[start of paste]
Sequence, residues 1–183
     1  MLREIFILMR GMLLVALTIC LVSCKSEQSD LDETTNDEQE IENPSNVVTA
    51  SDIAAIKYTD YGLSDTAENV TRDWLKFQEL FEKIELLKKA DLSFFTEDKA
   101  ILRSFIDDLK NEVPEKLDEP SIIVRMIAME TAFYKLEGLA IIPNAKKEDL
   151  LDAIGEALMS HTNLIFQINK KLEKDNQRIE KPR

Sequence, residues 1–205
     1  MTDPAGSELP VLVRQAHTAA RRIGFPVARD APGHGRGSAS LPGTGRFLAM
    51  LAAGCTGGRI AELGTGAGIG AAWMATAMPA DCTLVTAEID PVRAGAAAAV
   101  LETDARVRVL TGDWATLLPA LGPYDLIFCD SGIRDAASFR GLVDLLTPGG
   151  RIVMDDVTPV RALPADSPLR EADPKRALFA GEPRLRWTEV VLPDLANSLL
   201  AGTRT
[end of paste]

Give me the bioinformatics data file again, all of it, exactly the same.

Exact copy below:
Sequence, residues 1–183
     1  MLREIFILMR GMLLVALTIC LVSCKSEQSD LDETTNDEQE IENPSNVVTA
    51  SDIAAIKYTD YGLSDTAENV TRDWLKFQEL FEKIELLKKA DLSFFTEDKA
   101  ILRSFIDDLK NEVPEKLDEP SIIVRMIAME TAFYKLEGLA IIPNAKKEDL
   151  LDAIGEALMS HTNLIFQINK KLEKDNQRIE KPR

Sequence, residues 1–205
     1  MTDPAGSELP VLVRQAHTAA RRIGFPVARD APGHGRGSAS LPGTGRFLAM
    51  LAAGCTGGRI AELGTGAGIG AAWMATAMPA DCTLVTAEID PVRAGAAAAV
   101  LETDARVRVL TGDWATLLPA LGPYDLIFCD SGIRDAASFR GLVDLLTPGG
   151  RIVMDDVTPV RALPADSPLR EADPKRALFA GEPRLRWTEV VLPDLANSLL
   201  AGTRT